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Oral Manifestations of Cancer Treatment in Children

Gabrielle Allen
Richard Logan
Sam Gue
CJON 2010, 14(4), 481-490 DOI: 10.1188/10.CJON.481-490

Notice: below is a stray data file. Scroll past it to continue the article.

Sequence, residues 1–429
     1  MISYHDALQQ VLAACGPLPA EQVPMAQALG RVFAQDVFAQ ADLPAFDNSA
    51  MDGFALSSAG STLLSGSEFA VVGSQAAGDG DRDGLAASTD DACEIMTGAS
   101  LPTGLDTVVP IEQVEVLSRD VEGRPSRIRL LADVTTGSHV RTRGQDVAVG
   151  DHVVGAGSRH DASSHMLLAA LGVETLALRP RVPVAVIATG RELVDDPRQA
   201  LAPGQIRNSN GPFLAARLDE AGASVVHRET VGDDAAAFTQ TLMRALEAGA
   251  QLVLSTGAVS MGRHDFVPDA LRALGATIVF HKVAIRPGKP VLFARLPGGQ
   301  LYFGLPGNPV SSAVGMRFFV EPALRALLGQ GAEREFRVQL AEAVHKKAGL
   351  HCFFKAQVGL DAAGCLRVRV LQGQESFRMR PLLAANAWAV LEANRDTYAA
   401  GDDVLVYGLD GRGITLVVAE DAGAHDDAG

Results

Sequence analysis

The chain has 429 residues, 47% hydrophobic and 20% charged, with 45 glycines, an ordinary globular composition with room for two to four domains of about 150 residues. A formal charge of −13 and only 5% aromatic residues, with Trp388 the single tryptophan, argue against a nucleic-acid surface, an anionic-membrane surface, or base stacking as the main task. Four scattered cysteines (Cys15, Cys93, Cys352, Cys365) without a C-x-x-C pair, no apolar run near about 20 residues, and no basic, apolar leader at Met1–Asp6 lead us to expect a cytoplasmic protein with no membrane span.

In Western countries, rising incidence and survival rates in childhood cancer have led to increased patient morbidity, including short- and long-term oral effects. Some acute oral complications occur three times more commonly in children than adults. This literature review sourced material from medical databases to discuss the acute and chronic oral complications of oncology treatment in children. The article explores caries, gingivitis, oral infections, and oral mucositis, as well as available tools for measuring their incidence, prevention, and treatment in children. Many tools and interventions appear to be available to prevent and treat oral complications of cancer treatment in children; however, they lack reliable and consistent research. Future research should use larger samples to report the incidence of oral complications, which would allow identification of children at increased risk. In addition, larger studies would provide baseline information to enable the construction of appropriate randomized clinical trials to test methods of prevention and proposed interventions for oral complications of cancer treatment in children.

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